I have two friends who recently sold homes in Hull. Both had sealed bids more than £10,000 over the asking price. It seems everyone wants to move North and get away from big cities.
We’re selling a flat in the South East and buying a house in the South West.
We started the process before the pandemic, but our patience has paid off as the stamp duty freeze has saved us thousands.
F.N., Rochester, Kent.
We put our house on the market just as lockdown was enforced. We had no viewings for months, then two offers in August below the asking price.
We ended up selling for £4,500 less than we bought in 2008.
These rises seem to be driven by people wanting to continue working from home.
They are moving from London to the North East, but what happens when their employers want them back in the office?
My daughter and son-in-law have agreed ‘work from home’ contracts with their employers, sold their flat in London and bought a house in Cheshire for a little more money.
The only people making money at the moment are estate agents. Repossession firms will be profiting from this soon.
I invested £21,000 into a Norwich Union (now Aviva) with-profits bond in June 2002. I had been satisfied with its performance but, when I received my annual statement for June 2020, there was no bonus and they had taken £1,419 from its value.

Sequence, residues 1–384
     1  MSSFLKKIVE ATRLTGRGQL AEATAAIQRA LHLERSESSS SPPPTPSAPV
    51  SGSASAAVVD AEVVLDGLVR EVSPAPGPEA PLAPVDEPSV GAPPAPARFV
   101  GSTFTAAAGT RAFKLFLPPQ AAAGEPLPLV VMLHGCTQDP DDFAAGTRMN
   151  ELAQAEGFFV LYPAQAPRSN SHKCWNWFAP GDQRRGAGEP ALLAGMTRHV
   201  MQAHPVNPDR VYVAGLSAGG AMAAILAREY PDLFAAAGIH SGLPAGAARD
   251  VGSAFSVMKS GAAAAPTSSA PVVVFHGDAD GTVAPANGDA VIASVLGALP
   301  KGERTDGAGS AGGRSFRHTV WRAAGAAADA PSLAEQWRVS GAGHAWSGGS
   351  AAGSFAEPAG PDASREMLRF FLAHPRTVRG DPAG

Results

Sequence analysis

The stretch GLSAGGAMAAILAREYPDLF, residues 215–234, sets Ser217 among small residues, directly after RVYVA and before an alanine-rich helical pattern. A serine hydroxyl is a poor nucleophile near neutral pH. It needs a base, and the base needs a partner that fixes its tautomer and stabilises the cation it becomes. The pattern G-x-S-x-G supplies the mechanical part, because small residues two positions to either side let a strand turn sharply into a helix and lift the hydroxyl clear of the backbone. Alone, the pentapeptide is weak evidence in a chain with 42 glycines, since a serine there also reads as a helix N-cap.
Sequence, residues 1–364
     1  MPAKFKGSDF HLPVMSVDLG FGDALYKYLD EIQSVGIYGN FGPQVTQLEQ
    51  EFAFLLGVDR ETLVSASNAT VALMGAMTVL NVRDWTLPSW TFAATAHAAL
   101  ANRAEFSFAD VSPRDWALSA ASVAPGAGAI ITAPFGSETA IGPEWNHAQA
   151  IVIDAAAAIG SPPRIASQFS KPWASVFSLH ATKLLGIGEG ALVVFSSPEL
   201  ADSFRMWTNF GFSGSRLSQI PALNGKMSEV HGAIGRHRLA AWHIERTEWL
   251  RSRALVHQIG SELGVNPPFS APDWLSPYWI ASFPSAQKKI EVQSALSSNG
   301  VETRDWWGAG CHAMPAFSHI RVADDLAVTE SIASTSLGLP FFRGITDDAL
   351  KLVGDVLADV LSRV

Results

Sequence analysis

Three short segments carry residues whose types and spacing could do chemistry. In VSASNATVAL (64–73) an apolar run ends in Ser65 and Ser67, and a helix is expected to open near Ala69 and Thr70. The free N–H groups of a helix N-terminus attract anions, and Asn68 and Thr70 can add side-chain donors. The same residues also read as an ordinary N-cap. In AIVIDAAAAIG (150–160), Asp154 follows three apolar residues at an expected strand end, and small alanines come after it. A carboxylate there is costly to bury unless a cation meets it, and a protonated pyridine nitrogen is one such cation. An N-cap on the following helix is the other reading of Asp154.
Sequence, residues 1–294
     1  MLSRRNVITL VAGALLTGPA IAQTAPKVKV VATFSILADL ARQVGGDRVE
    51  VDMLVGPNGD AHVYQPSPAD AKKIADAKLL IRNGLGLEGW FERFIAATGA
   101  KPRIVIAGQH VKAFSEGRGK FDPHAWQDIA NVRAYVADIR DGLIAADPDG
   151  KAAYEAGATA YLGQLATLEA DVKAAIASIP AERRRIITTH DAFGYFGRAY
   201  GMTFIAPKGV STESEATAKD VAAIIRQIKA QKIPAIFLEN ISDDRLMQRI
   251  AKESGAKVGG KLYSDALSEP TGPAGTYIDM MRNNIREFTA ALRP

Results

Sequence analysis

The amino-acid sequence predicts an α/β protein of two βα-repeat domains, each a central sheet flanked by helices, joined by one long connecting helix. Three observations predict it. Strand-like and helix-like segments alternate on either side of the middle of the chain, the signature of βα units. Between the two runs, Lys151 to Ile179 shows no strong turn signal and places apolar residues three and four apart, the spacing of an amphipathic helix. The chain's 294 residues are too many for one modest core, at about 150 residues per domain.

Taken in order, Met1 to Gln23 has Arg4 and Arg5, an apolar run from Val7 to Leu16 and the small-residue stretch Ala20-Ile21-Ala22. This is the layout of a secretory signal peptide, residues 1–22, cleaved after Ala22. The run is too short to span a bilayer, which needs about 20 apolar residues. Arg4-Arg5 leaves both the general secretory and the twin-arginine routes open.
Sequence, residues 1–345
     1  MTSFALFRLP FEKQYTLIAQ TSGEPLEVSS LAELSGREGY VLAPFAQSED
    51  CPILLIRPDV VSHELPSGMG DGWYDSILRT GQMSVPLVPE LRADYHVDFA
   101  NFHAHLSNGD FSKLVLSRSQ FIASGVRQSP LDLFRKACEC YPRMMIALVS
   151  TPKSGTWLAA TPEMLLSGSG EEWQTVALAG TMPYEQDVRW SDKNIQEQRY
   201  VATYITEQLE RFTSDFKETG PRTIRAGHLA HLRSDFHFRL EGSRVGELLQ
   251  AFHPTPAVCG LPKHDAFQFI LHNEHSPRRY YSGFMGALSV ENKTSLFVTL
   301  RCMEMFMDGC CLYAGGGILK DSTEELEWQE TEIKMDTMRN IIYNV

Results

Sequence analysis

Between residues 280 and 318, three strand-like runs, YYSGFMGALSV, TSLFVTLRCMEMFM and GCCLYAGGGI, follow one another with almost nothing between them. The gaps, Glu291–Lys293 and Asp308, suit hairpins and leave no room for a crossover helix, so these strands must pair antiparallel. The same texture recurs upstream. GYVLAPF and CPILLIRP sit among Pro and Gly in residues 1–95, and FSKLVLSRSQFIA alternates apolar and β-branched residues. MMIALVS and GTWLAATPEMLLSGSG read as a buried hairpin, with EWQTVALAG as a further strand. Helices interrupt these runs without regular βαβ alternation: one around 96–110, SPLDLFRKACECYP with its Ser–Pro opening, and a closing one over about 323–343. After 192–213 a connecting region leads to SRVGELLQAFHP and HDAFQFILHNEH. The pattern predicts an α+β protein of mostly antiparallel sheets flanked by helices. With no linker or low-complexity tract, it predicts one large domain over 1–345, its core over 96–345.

I spoke to an Aviva representative but his explanation was baffling.
I decided to cash in the bond on the condition I received a letter in layman’s terms as to why this had happened. The cheque arrived, but there was no letter of explanation.
L. A., Portsmouth.
With-profits bonds are extremely complex, holding a mix of shares and other investments such as corporate bonds.
Fund managers aim to smooth out the more dramatic moves in the stock market. Each year, an annual bonus is added to the value. This cannot be taken away.
At the end there is a final bonus which should reflect the total return while you have held the bond. Your statement will show an estimate of this, but the amount is not guaranteed and can be reduced.